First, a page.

eric+dkim at sendmail.org
Fri Feb 8 11:18:15 PST 2008
I am in no way married to the word DISCARDABLE. We used it in SSP-02
because it matched ASP.
It has occurred to me that we've spent FAR too much time arguing
about exactly what word to use. I'm deeply tempted to switch to
numbers, special characters, or random gibberish strings so that
people have to read the actual description.
--On February 8, 2008 9:55:56 AM -0800 Douglas Otis
<dotis at mail-abuse.org> wrote:
> On Feb 7, 2008, at 4:54 PM, Eric Allman wrote:
>>> The EXCLUSIVE concept can still be covered using DKIM=DISCARDABLE.
>> Except that DISCARDABLE doesn't prohibit 3PS. It doesn't even say
>> that messages without any signatures MUST or even SHOULD be
>> discarded. All it says is how the purported author domain views
>> the messages that it sends out. The furthest it goes is to say
>> that the purported Author Domain "encourages the recipient(s) to
>> discard it."
> Agreed. This changes "strict" (the exclusivity) assertion into
> something that does not express a domain's intentions on
> exclusivity. This assertion simply increases the likelihood of
> having the domain's messages discarded.
> You have previously mentioned the motivation was to accommodate
> high profile domains finding themselves victims of phishing
> attacks. Using the term "discardable" appears to be sending the
> wrong message. It seems unlikely these high profile domains want
> their messages silently discarded, as this assertion implies.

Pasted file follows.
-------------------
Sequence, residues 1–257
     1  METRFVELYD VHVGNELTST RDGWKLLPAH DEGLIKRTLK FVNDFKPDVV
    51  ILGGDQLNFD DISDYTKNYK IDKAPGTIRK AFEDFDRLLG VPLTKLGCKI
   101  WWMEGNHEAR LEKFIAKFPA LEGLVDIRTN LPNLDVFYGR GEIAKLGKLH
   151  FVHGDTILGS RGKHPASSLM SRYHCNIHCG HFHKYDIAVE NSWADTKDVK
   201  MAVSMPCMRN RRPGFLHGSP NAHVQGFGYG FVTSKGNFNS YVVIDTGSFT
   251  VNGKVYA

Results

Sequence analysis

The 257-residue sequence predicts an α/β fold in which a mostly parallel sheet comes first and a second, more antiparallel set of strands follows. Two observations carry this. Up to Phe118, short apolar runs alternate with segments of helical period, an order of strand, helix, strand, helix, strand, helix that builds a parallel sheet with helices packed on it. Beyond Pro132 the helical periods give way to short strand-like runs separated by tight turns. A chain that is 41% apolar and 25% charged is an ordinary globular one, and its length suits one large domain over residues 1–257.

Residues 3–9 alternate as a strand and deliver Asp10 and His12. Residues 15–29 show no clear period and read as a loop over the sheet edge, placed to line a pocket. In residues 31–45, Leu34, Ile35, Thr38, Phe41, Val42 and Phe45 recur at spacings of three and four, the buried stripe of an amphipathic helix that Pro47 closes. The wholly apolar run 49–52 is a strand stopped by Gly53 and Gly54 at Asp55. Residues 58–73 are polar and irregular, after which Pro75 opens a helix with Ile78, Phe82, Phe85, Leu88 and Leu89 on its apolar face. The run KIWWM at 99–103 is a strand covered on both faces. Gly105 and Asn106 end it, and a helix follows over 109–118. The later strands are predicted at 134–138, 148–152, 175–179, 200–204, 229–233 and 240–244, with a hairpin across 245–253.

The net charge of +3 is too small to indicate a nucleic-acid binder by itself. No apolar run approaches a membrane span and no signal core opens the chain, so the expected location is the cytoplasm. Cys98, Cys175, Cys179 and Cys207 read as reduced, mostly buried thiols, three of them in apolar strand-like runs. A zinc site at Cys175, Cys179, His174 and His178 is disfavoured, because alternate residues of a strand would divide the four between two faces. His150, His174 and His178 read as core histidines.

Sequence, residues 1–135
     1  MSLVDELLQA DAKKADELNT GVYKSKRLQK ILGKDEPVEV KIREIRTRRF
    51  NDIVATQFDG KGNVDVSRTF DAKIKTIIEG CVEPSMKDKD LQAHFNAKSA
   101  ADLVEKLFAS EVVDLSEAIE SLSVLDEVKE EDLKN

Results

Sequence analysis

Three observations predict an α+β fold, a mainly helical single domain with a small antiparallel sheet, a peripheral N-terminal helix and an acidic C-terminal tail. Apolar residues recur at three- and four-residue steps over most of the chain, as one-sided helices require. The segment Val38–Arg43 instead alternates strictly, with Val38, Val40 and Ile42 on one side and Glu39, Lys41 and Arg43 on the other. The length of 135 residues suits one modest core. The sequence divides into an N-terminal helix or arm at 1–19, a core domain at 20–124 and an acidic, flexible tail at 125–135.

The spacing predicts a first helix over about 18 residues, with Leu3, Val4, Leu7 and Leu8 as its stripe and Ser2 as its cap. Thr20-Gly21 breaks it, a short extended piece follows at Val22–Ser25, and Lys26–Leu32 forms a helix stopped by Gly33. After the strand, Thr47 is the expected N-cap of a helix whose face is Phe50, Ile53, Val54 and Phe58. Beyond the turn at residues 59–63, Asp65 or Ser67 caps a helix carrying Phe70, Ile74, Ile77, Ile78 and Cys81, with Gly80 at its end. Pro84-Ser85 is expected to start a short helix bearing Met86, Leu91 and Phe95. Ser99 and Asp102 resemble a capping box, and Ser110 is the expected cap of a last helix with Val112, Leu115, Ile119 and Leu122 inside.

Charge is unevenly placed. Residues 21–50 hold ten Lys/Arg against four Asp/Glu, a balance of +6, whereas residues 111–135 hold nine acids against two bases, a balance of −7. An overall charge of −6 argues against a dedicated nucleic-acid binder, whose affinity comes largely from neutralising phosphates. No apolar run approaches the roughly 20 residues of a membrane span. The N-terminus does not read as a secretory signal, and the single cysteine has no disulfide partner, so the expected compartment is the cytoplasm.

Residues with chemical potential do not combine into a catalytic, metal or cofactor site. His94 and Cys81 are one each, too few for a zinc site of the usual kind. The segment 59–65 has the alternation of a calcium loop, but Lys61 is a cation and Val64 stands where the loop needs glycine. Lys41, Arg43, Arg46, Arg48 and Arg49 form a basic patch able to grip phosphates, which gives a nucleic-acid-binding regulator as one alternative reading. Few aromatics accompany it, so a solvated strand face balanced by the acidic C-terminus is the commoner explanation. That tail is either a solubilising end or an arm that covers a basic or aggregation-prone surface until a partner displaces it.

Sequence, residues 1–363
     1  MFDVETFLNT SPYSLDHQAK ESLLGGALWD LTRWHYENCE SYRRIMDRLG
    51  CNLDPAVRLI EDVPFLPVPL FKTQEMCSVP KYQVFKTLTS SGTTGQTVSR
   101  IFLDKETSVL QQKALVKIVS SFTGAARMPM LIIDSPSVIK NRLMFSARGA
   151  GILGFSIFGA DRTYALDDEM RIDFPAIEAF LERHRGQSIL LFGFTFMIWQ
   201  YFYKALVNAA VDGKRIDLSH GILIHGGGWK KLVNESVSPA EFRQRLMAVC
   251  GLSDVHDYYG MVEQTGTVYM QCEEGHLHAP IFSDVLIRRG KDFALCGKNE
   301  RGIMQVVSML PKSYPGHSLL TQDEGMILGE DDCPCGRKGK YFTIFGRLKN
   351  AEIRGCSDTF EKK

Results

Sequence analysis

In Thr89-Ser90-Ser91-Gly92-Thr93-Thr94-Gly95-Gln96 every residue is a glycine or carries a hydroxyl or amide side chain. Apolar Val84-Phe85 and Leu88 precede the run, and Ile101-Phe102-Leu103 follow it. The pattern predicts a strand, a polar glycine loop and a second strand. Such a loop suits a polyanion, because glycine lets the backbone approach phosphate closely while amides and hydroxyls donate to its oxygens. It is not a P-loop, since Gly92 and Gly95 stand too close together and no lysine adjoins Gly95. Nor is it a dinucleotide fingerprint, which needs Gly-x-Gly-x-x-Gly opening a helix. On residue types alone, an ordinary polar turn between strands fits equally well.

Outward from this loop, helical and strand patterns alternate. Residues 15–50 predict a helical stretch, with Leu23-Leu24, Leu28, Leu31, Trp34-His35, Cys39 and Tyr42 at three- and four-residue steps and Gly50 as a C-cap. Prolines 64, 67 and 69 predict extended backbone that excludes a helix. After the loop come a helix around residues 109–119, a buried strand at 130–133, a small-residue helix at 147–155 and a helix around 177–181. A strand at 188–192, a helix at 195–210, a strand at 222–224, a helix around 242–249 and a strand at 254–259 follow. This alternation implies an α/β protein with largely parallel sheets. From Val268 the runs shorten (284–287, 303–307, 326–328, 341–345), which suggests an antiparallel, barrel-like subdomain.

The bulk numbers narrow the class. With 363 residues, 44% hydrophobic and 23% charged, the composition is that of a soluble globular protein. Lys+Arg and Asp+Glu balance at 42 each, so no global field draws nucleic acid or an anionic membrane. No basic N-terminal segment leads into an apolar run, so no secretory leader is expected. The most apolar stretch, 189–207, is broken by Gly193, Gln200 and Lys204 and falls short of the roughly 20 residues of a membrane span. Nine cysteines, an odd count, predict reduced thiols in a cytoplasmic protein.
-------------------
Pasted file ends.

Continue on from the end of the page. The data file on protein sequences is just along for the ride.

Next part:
> Discarding of messages does several things:
> - Destroys evidence of a serious crime
> - Reduces delivery integrity for important transactional messages
> - Makes resolving compatibility far more problematic
> Can you see changing this into terminology that does not attempt to
> suggest a verifier action? Going out on limb, I'll add a modified
> furthermore statement. (Frankly, this furthermore statement seems
> to belong in a BCP that happens later.)
> Using Hector's term "exclusive"-
> All mail from the domain is signed with an intent to avoid
> agents that may damage or remove signatures. Furthermore,
> in lieu of a trusted third-party signature, if a message
> arrives without a valid Author Signature due to
> modification in transit, submission via a path without
> access to a signing key, or other reason, the domain
> encourages the recipient(s) to reject the message or issue
> a DSN when the RFC 2821 MAILFROM domains match.
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